With this book, the internationally celebrated artist Dayanita Singh returns to her artistic beginnings. In the catalogue for the first comprehensive retrospective, the first stop of which is hosted by the Martin Gropius Bau in Berlin, Singh presents early works from her 1980-1986 oeuvre. From hundreds of slides and contact prints, the artist made a selection of personal and powerful black-and-white photographs. As a rediscovery and look into her own past, the theme of the "archive", central to Singh's work, takes on a central dimension here. The media of photography, installation and book intertwine in Singh's work in a unique way, which is why this book also features recent photographs from the exhibition.
A photographic archive of dance in its manifold forms, from Bollywood to classical dance.
Ever since Museum of Chance (2015), and particularly in her award-winning Museum Bhavan (2017), Dayanita Singh (born 1961) has created museums in book form--little offset symphonies that create a fluid space between the museum/gallery and publishing. Now, in Museum of Dance, Singh collects all the images of people dancing that she made in the 1980s and '90s--from her mother, Nony Singh, her friend and collaborator Mona Ahmed (subject of Singh's 2001 visual novel Myself Mona Ahmed), to classical dancers and the renowned Bollywood choreographer Masterji. Published to coincide with her traveling retrospective Dancing with the Camera, this book is Singh's tribute to dance, as well as her exploration of photography and bookmaking as metaphorical forms of dance--where rehearsed and spontaneous rhythms combine through intuition in unpredictable ways.
A clothbound documentation of Singh's travels with India's great classical musicians over six winters.
In the early 1980s, with her very first camera in hand, Dayanita Singh (born 1961) traveled throughout India for six winters with the tabla maestro Zakir Hussain, photographing several great classical musicians and creating an image archive of them on stage and backstage, in their homes and on the bus transporting them from concert to concert. When the time came for Singh to edit her work into a book, she chose to focus on the tanpura--a long-necked, four-stringed drone instrument that both evokes and supports the musician's voice, both during performance and the process of daily practice of riyaz. Museum of Tanpura celebrates the tanpura as a musician's constant companion, the environments and relationships which bring music into being, and embodies what Singh sees as her greatest lesson from the performers she befriended--the rigor and aesthetics of riyaz.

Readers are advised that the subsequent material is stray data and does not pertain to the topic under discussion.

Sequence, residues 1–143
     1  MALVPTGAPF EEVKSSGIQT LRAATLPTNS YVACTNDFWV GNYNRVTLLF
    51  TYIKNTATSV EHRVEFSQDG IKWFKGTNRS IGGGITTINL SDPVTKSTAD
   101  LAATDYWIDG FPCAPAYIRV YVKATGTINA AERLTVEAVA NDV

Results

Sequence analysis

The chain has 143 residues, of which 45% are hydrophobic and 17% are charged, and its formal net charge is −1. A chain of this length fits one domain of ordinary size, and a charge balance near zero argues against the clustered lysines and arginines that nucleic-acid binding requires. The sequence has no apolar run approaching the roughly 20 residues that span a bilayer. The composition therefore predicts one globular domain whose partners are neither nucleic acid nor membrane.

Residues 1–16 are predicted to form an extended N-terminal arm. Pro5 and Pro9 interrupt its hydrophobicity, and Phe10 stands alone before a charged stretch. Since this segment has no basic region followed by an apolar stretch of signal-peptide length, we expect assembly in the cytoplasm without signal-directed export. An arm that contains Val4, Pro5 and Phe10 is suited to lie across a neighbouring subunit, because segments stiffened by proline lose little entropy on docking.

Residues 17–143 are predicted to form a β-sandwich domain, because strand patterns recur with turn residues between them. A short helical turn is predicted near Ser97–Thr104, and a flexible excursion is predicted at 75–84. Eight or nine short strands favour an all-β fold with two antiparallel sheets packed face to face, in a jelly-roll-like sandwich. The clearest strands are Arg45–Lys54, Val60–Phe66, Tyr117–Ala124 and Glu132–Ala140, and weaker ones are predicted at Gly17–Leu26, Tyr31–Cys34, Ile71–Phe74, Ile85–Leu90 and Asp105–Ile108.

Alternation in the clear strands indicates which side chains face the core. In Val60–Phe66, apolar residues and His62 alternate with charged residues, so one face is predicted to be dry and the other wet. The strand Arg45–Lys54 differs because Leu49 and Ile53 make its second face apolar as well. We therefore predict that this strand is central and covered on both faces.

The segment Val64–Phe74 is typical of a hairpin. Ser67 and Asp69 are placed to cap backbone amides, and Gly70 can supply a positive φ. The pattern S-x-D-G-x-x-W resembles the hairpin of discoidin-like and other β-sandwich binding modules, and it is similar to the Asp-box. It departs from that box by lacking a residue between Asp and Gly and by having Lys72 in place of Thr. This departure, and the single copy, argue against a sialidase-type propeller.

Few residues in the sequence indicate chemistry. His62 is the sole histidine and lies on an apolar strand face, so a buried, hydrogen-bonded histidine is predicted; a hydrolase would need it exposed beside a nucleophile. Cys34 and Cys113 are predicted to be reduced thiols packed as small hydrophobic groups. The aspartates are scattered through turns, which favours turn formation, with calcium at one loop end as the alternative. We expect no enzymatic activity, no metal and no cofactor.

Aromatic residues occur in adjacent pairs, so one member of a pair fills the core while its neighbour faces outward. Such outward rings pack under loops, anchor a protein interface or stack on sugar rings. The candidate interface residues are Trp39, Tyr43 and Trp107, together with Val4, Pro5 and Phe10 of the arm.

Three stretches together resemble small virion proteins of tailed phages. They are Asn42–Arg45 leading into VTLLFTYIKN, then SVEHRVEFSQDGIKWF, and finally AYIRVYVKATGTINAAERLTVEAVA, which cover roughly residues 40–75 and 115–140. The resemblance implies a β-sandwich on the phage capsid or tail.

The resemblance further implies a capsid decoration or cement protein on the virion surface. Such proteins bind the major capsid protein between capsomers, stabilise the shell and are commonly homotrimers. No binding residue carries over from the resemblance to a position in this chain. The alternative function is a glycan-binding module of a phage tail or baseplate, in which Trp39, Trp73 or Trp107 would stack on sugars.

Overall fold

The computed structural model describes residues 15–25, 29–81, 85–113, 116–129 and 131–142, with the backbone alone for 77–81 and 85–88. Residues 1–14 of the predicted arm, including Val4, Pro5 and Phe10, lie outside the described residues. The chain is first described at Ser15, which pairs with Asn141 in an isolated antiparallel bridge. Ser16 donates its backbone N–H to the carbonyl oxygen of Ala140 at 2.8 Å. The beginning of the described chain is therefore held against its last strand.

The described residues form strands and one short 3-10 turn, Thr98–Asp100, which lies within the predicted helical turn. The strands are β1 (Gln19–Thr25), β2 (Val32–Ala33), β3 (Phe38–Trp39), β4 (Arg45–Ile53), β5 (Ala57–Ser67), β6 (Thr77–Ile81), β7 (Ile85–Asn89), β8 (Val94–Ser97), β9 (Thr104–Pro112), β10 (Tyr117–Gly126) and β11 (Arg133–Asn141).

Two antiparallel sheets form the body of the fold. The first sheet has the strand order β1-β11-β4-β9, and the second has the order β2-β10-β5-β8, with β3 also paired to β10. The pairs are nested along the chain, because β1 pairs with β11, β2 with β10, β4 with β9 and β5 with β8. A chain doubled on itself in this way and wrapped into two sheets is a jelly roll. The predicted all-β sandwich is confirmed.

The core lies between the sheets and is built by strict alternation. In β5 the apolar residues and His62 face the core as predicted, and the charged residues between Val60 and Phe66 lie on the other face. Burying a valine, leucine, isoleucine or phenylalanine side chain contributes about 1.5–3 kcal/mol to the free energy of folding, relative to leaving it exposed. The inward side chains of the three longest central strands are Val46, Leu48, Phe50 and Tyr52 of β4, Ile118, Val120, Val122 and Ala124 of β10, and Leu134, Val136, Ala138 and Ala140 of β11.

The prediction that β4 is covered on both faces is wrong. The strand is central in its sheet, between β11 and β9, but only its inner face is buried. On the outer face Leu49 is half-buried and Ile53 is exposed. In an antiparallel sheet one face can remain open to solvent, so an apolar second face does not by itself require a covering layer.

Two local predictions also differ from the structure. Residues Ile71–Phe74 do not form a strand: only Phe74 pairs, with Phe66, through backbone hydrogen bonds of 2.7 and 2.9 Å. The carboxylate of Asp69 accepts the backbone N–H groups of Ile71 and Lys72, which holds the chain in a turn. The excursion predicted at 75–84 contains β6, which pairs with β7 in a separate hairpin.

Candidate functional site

A photobook archive of archives, from rarely seen collections throughout India.
The archive has long been an obsession for Dayanita Singh (born 1961)--both literal archives, treasuries of objects chosen with care and preserved against time, and the photobook as a moveable archive which the viewer can revisit and display at will. In Pothi Khana (Hindi for "archive room"), Singh presents photographs of India's seemingly endless private and public archives: shelf after shelf of bundles wrapped and knotted in pieces of cloth once colorful but now almost white with age. The documents within these bundles remain known only to the archivists who are curiously absent in Singh's images, their presence implied from the spaces they normally inhabit: chairs, desks, doorways, halls. Originally exhibited in 2018 at the 57th Carnegie International as a group of modular, pillarlike wooden structures whose photographs could be endlessly resequenced, Singh now transforms the mobile sensibility of Pothi Khana into this volume, which she sees as a compendium to 2013's File Room.
La photographe indienne nous livre une série de photographies de nuit, prises à l'étrange lumière des néons qui transforme l'ordinaire en quelque chose de mystérieux et troublant.
Photographer Dayanita Singh is an obsessive book-maker who archives all of her journeys with tiny prints pasted into accordion-folded books. This volume contains her blue images, most of which were made against industrial backdrops during her wanderings in India.